"You're a cheap date, Shirley," he said with a smile. "Hey, remember, we're still just a couple of kids. I still like to buy myself toys."
Ever the lover of cornball humor, Weiner said, "Well, as they say in Africa, Abysinnia," the latter being a play on the phrase, "I'll be seein' ya."
"I can't help it," Weiner admitted later, "kibitzing with customers just comes naturally for me. I don't do it deliberately. And I was born to do what I do. I enjoy fixing and selling. I still enjoy it."
The 16th of 17 children born in West Baltimore, Weiner grew up in a foster family in Forest Park because of his parents' financial struggles. "There were really good people and took good care of me," he said of his foster parents.
When Weiner was a young man looking for work, a Hoover vacuum repairman came to his foster family's residence one day and suggested he apply for a job at the Hoover headquarters in downtown Baltimore.
"I was fortunate to be at the right place at the right time. I started selling and fixing for Hoover, going on service calls to different neighborhoods," Weiner said. "I discovered I have a knack for this kind of work."
A few years later, Hoover discontinued the service component of its operations across the country. Weiner knew he had a growing customer base, so he took out a $1,500 bank loan and opened his own vacuum retail and service store at Park Heights and Belvedere avenues.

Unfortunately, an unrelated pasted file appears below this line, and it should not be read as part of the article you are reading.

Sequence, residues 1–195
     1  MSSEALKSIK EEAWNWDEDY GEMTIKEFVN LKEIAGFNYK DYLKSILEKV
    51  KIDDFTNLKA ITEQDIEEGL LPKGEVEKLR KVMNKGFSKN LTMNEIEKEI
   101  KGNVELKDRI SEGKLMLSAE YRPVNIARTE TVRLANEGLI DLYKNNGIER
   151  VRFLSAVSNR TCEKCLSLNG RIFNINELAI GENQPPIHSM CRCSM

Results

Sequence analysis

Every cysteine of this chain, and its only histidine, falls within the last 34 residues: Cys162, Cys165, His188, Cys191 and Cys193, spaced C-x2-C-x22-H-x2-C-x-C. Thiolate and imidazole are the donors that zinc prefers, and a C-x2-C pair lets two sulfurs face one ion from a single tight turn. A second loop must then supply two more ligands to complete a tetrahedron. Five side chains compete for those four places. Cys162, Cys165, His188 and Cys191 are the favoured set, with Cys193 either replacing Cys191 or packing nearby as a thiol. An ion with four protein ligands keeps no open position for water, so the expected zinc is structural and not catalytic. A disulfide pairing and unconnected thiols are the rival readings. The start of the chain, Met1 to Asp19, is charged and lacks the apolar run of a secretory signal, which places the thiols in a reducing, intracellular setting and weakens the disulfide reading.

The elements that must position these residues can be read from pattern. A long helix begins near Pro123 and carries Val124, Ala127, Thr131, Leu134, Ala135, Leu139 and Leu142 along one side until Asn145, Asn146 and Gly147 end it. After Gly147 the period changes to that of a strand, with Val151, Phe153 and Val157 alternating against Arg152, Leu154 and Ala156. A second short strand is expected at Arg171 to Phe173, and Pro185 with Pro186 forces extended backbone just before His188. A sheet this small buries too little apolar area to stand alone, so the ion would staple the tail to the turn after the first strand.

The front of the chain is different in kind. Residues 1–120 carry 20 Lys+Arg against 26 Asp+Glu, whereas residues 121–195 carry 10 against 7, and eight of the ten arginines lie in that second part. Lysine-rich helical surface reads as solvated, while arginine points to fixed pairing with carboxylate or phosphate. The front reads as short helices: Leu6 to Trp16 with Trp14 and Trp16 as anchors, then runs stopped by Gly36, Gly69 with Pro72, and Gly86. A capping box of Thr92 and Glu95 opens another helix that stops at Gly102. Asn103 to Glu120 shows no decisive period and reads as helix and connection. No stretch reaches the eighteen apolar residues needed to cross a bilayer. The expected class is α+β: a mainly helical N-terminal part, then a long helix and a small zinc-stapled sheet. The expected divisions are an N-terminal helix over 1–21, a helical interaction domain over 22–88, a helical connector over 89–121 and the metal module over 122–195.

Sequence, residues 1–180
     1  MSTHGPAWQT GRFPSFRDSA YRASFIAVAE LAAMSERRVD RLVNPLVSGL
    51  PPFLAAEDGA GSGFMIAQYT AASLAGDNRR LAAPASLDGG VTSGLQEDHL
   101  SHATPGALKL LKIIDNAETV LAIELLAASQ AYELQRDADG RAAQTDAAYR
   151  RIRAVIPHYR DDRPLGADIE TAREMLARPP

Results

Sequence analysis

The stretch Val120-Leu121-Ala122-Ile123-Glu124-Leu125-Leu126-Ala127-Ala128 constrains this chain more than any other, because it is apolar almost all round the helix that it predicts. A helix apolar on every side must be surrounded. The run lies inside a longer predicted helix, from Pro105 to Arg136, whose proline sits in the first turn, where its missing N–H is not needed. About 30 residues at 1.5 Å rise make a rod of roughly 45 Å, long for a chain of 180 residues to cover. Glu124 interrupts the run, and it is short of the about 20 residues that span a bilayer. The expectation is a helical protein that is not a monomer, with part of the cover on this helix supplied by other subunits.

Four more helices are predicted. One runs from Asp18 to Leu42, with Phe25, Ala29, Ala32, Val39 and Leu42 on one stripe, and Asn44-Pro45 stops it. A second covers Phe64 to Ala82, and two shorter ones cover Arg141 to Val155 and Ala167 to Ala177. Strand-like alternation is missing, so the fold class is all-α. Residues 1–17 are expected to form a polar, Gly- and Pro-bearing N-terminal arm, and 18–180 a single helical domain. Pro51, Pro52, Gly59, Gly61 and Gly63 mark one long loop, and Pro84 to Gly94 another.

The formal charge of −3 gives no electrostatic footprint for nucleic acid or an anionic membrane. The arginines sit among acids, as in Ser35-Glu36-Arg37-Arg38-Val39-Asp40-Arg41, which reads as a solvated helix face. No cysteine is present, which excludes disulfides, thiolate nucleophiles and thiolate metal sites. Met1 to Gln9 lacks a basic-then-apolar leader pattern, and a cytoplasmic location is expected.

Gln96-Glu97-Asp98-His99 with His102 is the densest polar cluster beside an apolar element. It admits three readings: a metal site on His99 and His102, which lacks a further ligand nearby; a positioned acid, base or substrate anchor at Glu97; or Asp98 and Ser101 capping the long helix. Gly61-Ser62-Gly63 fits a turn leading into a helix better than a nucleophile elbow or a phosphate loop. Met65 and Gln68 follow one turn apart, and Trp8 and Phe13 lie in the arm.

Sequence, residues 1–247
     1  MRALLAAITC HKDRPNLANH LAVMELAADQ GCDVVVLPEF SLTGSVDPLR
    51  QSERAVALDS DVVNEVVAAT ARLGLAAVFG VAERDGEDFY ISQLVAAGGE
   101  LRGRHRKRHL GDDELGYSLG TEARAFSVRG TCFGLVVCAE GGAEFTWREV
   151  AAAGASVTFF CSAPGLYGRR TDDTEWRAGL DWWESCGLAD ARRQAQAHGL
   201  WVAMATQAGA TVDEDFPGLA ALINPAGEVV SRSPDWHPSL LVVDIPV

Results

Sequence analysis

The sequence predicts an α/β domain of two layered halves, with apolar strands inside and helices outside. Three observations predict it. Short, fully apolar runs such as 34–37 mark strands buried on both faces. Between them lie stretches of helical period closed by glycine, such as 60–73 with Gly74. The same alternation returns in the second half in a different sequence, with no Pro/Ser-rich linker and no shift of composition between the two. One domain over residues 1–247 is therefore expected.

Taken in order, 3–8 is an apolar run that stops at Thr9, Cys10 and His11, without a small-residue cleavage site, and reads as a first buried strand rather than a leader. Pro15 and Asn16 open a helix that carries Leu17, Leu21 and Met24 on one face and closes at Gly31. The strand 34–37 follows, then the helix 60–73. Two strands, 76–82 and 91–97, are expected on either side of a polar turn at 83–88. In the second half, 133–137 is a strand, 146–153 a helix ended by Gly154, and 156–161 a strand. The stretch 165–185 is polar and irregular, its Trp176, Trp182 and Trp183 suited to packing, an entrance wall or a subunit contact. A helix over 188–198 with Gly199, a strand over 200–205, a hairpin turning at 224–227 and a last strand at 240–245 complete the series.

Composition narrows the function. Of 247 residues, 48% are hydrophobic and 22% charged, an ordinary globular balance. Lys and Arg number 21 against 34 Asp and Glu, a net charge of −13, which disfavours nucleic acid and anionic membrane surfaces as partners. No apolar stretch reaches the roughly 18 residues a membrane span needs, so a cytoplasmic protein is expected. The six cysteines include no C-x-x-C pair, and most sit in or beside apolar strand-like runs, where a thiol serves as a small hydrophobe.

"People knew me and came to me because the Hoover people gave them my name," he said. "I was scared that the business wouldn't work out, but it did."
Eventually, Weiner moved his business to its current location. Although he has downsized his store in recent years and vacuums have grown in complexity, Weiner said the business has changed little across the years.
Today, he said his business is about 70 percent service and parts and approximately 30 percent in sales of vacuums. The clientele base for Weiner's Vacs is primarily in Northwest Baltimore, but customers come from across the region.
"I don't think I've ever really had a bad time," Weiner said. "Business has always been pretty good. I'm not a millionaire, but I make an honest living and was able to raise three children."
A major reason he attributes for that success was building trust. "We don't hustle people," Weiner said. "You can sell expensive machines but when people want a good machine to use, why not sell them something simple that's reasonable? If people want a more expensive machine, let them decide. But if someone wants a lightweight vacuum, why waste their time?"
Many people today, especially younger customers, tend to purchase vacuums and discard them a couple of years later when problems arise, Weiner said. But he said a good vacuum should last 10-15 years with proper maintenance.
"Big business is taking over and trying to get people to buy vacuums and not repair them but just replace them," Weiner said. "Some customers are naïve. They throw out a $200 vacuum that just needs a belt."
He believes his daughter will continue to provide customers with good service that is affordable and honest.
"We must be doing something right. We're still here," Weiner said. "Years ago, my wife and I went to a show. When the lights came up, a lady said, `Weiner, that vacuum you fixed for us is not working!' I said to her, `Can we talk Monday?' Still, one every half-century, that ain't bad, is it?"